• getting sage advice from godly folks who know Him and know me and willingly speak the truth in love to me as I make decisions about my life and paying attention to His voice in these 3 areas as well as via:
  • practical doors opening and closing
  • even the supernatural (dreams, visions, prophetic utterance)

-though I’ll tell you that last area is one I’m extremely careful  with.

This is how I’ve lived out my days. This is how God’s grace in planning and decision-making has come my way and I’m convinced it has kept me from adding to the (already long list) wood, hay and stubble I’m certain I have also produced next to the gold, silver and precious stone service He has performed in my life.

Again, verse 15 is clear- this is NOT about salvation but it IS about our works while on this earth. There is no escaping the fact God cares deeply about our choices. Are they HIS or ours? Do we seek Him and to the best of His confirming information (see those bullet points above) sense His voice and direction or are we simply spreading fingerpaint on someone’s wall because we have access to the paints and the wall, in truth because we “just feel like it”? Gold, silver, precious stones or wood, hay, stubble?

I’ve not only made mistakes but sinned and every day must trust Jesus alone for my sense of peace with God, salvation, eternal destiny with the Father and all the saints. At the same time it’s not simply a shrug and “who cares?” attitude I take as I pray and make choices about what to do with my time and life.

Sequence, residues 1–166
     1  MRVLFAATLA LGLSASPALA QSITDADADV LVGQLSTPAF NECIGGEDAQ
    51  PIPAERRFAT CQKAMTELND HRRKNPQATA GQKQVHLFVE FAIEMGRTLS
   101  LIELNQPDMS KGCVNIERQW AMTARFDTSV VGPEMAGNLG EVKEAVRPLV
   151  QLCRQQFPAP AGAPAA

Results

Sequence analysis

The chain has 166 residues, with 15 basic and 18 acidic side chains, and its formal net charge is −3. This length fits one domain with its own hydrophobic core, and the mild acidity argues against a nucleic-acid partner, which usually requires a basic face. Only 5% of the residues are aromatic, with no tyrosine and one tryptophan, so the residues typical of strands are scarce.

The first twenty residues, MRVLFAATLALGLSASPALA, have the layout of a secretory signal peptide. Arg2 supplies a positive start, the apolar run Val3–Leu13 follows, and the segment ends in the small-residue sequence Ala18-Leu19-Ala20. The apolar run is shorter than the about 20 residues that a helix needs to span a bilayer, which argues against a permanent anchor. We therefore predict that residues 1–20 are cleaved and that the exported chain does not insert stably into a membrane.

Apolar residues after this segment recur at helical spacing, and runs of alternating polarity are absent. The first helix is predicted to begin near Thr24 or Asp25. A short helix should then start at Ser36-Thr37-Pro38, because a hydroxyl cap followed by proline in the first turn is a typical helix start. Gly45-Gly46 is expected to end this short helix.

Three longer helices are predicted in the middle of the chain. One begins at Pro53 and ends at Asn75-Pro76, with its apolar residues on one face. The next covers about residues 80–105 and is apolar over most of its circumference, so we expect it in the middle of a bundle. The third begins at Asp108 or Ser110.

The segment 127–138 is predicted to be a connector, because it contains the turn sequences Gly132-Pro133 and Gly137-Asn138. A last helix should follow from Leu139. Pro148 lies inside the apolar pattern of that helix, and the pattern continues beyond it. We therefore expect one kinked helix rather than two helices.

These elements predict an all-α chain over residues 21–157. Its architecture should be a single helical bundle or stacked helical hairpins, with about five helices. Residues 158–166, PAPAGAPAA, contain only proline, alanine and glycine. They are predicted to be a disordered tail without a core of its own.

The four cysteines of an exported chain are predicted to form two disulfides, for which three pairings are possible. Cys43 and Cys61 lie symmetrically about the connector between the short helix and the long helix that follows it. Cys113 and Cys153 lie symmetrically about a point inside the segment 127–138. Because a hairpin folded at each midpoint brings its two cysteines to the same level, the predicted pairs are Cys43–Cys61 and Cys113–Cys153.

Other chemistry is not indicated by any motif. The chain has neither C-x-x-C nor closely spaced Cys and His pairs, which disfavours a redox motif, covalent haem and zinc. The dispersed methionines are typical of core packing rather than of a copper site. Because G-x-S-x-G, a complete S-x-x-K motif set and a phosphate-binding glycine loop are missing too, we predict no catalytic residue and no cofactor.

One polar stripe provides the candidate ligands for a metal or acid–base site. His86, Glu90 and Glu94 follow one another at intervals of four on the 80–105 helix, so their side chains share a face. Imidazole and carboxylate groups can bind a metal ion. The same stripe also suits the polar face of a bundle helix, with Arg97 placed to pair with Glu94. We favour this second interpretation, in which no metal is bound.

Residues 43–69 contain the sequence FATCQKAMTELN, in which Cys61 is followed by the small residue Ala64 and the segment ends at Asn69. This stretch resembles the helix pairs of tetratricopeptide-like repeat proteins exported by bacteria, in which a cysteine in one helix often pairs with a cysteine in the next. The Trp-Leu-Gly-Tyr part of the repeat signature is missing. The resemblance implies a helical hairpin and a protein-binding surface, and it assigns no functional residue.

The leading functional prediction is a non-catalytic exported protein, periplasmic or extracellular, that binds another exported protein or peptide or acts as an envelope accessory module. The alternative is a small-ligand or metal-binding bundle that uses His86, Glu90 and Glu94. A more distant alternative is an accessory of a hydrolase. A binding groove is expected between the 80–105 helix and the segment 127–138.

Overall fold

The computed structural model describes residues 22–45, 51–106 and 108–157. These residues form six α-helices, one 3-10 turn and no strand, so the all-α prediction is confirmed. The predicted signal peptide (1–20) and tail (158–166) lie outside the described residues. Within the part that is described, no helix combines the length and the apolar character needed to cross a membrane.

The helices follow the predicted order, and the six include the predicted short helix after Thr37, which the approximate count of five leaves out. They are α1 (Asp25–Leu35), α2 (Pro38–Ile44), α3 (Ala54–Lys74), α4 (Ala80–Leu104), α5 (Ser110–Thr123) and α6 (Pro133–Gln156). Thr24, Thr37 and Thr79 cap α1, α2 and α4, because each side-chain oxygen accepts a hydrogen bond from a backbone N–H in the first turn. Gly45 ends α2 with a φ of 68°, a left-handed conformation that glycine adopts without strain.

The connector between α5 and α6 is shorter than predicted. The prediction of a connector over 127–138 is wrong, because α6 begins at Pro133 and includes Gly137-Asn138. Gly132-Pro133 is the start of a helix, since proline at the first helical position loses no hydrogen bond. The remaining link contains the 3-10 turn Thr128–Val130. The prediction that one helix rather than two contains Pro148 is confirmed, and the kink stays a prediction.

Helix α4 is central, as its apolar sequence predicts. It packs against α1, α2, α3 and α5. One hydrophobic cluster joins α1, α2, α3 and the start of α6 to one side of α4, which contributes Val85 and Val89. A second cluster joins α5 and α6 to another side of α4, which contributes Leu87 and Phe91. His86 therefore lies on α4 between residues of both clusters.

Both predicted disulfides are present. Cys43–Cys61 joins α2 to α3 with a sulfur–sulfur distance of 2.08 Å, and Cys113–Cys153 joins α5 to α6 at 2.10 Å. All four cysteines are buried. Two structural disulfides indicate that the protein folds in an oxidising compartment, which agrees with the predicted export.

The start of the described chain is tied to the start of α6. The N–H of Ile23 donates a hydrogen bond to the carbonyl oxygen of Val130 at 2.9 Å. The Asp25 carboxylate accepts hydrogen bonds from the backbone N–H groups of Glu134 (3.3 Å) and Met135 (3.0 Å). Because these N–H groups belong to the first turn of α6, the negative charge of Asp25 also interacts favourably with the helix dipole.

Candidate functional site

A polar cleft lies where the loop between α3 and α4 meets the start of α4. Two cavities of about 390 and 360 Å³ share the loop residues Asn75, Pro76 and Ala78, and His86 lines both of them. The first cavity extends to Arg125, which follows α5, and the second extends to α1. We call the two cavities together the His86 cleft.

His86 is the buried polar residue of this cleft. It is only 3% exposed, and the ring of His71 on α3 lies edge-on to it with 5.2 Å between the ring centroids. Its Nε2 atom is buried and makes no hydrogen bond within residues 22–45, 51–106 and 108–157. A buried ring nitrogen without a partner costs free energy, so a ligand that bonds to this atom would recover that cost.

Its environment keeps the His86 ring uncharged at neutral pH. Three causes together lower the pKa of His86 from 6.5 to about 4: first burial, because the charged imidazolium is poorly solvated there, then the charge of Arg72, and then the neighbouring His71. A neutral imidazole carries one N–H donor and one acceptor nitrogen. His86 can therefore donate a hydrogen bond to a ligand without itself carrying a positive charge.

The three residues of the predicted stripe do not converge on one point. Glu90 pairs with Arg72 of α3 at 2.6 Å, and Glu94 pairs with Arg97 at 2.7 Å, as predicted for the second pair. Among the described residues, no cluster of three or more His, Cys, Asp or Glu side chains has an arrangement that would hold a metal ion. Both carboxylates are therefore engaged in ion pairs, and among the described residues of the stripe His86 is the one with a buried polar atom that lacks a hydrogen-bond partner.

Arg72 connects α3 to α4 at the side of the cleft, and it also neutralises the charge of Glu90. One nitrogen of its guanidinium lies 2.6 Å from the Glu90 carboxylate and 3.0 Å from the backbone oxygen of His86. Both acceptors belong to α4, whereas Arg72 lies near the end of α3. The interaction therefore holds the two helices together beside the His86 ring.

May God grant you and I grace to pay attention and not overlook or worse, ignore what HE deems important in our life decisions.

Jesus Christ is my Savior -and it is His will and mine that He is also actively my Lord!

As always, thanks for stopping by. -Glenn

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4 thoughts on ““Blessing”?

  1. Very well said and a much needed word. I have had many ‘believers’ arguing on both sides of this and missing the real truth. Thank you for sharing this.

  2. Glenn.
    This post reminds me of a Dallas Willard quote our pastor used in his series on the Book of James.
    “Grace is not opposed to effort, it is opposed to earning.”
    Tim